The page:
I am a big believer in the fact that everything starts from within, even, maybe especially, physical beauty. Despite the fact that I built my career in front of the camera, I truly believe that if you don't have internal peace and happiness and come from a good place, your inner discontent will always come to the surface.
My self-talk in the months following my divorce was extremely negative. "I knew marriage was a bad idea." "I will never get married again." "I grew and he didn't." Yes, I said it all. I used my external self to convince my internal self of how I felt. For a long time I heard myself joking around about my ex. Trying to make light of the situation, trying to be the tough girl who wasn't affected by this and would get through anything. I did it with my family, my friends, and with the people I work with. I saved the "real me" -- the sad me -- for just one friend and for my pillow.
I spent some time traveling. I was in France, Italy, Dubai, Canada, all over the U.S., and back to Italy. Travel helped me wake up to see who I really was, the person I had forgotten about while trying to make my relationship work. After a lot of quiet time, meditation and reflection, I was able to hear my words aloud. And boy, were they scary.
Over time, I realized that my self-talk was self-destructive. It was filled with excuses and denial, both ways to protect myself from the truth. I remember one day I walked up Sixth Avenue in the West Village that something had to change or I would listening to my same self-talk forever. At that moment, I decided to take control of my negative self-talk by composing a list of the things I should be saying (needless to say, I did not need a list of the negative stuff).
Here is my original list, with some additions from along the way. I believe that my self-talk has helped me on the job, in my personal life and in how others view me.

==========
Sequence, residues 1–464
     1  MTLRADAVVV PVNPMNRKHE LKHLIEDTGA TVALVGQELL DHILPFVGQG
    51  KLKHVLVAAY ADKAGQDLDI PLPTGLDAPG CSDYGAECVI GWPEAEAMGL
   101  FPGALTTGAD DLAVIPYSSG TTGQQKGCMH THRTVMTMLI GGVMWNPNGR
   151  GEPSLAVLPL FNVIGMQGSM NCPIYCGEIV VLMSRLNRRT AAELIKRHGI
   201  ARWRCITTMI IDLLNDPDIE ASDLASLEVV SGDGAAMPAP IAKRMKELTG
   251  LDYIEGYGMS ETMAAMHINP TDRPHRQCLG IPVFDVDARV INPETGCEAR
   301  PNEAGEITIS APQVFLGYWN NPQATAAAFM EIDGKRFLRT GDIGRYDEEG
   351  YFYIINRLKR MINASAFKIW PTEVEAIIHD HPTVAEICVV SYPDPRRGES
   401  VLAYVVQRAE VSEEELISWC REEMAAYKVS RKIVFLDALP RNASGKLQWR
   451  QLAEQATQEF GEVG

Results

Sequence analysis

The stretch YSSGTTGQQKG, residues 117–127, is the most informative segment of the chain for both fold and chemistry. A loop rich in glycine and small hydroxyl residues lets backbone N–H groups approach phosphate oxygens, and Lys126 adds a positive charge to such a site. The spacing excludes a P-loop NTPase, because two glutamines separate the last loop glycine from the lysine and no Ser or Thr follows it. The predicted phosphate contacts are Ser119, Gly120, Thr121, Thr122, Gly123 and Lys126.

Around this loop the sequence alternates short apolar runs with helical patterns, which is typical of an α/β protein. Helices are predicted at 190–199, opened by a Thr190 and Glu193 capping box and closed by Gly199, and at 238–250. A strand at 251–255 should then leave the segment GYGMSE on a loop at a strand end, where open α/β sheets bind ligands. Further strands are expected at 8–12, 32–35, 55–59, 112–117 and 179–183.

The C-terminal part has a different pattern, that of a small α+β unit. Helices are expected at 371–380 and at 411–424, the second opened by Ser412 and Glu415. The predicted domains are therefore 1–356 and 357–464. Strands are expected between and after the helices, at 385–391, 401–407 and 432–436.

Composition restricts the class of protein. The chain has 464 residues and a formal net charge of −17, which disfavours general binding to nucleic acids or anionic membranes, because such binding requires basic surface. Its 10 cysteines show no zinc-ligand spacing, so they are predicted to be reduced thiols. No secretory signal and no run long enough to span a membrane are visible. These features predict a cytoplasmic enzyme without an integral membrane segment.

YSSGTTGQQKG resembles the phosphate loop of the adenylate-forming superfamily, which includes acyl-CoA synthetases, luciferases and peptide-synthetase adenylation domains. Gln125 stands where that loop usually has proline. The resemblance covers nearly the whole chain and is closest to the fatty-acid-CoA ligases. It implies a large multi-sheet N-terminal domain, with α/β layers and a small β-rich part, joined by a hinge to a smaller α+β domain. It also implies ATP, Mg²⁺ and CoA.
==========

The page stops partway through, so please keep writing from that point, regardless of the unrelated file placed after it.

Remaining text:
- Protect yourself.
- Today is the future.
- You are living your life.
- You can't have other people make you complete.
- You can't fix people.
- You can only fix you.
- Decide what you want.
- Go after it. 100 percent.
- Stop seeking advice from everyone.
- Don't settle. Ever.
- Stop confiding in everyone.
- Keep a journal, diary, Post-it. I don't care what it is. Just keep track of yourself.
- Go outside often.
- Take a walk with a friend.
- Force yourself to go out alone.
- Force yourself to go out with someone.
Remember that before you love yourself, you must like yourself. It is essential, just like it is when it comes to finding a relationship.
How have you talked yourself into positive self-talk?
HuffPost's GPS for the Soul app is based on two truths about human beings. First: We all have a centered place of wisdom, harmony and balance within us. Second: We're all going to veer away from that place, again and again and again. What we need is a great course-correcting mechanism -- a GPS for the Soul -- to help us find our way back to that centered place, from which everything is possible.
Because no one knows better than you what helps you de-stress and tap into that place of peace inside yourself, it's important for you to create your very own GPS guide -- a personalized collection of whatever helps you course-correct. Email us at GPS@huffingtonpost.com and we'll set you up with your very own HuffPost blogger account to share your guide on the site. If you're already a blogger, we encourage you to upload your personal guide today. We can't wait to see what you have to share.